WILDE, OSCAR. The Importance of Being Earnest. A Trivial Comedy for Serious People. London: Smithers, 1899. Small 4to, original violet cloth, gilt decorations on spine and sides, spine gilt-lettered, designed by Charles Shannon, unopened, some slight soiling and rubbing; purple half morocco slipcase. FIRST EDITION, ONE OF 100 LARGE-PAPER COPIES SIGNED BY WILDE (this no. 58). Mason 382. A very good copy.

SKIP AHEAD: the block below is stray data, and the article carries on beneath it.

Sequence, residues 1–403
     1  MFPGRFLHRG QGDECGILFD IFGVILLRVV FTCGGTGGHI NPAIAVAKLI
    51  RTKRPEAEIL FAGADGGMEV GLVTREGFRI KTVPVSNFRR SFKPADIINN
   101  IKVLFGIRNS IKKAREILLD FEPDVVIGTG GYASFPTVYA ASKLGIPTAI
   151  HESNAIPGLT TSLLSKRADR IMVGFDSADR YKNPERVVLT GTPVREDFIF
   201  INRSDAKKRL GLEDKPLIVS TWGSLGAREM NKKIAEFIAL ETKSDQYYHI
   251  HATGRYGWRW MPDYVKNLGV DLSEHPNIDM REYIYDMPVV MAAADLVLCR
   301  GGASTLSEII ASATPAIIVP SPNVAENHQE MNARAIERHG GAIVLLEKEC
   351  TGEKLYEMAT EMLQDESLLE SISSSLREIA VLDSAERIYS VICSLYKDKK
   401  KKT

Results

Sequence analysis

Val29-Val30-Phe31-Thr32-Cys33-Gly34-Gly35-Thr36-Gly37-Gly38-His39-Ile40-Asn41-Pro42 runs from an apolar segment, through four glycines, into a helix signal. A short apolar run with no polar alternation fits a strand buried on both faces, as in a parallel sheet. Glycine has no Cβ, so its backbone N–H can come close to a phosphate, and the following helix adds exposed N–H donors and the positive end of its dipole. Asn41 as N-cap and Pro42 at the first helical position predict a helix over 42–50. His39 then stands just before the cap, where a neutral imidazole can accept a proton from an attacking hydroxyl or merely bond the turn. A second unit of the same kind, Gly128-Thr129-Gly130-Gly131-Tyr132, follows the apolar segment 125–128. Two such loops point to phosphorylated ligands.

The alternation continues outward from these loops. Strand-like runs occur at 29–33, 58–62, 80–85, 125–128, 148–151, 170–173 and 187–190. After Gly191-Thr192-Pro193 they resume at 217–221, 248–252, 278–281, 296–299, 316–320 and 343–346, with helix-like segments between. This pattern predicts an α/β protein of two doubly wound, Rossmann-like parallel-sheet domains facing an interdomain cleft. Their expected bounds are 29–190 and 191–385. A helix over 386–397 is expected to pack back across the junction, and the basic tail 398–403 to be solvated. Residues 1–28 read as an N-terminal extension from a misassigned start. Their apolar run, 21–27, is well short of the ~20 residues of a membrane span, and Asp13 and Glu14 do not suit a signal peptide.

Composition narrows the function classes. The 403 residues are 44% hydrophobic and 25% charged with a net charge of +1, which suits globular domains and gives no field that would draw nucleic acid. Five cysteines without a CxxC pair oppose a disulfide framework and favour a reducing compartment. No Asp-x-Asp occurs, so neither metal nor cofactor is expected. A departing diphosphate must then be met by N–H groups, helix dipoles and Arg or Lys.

WILDE, OSCAR. Autograph note signed ("Oscar Wilde") to "Dear Sir," 16 Tite Street, Chelsea, n.d., 1 page, 8vo, tipped with the following two letters into the above copy, briefly giving an address: "My agent's address is G.W. Appleton, 8 Clifford Inn, Fleet St..." -- ROSS, ROBERT. Autograph letter signed TO OSCAR WILDE, London, 1 October 1900, 2 pages, 8vo, some staining, on Reform Club stationery: "I enclose your belated cheque for 17.10. I am sending you also the Cornhill Magazine for October, containing the work of an artisan [probably Ross himself]. The artist [Wilde] is expected to acknowledge the former [the cheque], but is requested not to mention the latter. I daresay you may know that Lady Windermere is coming in at Kensington with Marion Terry... The Importance of Being Earnest was being played this summer at Brighton with great success... I am told a great many things about Frank Wilde's play [i.e., Frank Harris's, who had written Mr. and Mrs. Daventry pretending that it was by Wilde]. I hope you will be in Paris at the end of the month when I come..." Ross, Wilde's great friend and the dedicatee of The Importance of Being Earnest, made a regular allowance to Wilde during his exile after his having been released from prison. Wilde died on 30 November 1900 in Ross's presence -- ALEXANDER, Sir GEORGE (actor-manager, producer of The Importance of Being Earnest). Autograph letter signed to J.T. Grein (critic and producer who gave Ibsen and Shaw their first London productions), Brighton, n.d., 3½ pages, 8vo, entirely about The Importance of Being Earnest: "...All that is nonsense about the third act being written under stress of circumstance. The play was submitted to me many months before its actual production and was in 4 acts... When Wilde was there [in Holloway Jail] later he sent me a piece of paper... 'Please admit my kind warder & his wife to my clever play. Oscar Wilde.' I got him to reduce the play into three acts..." (4)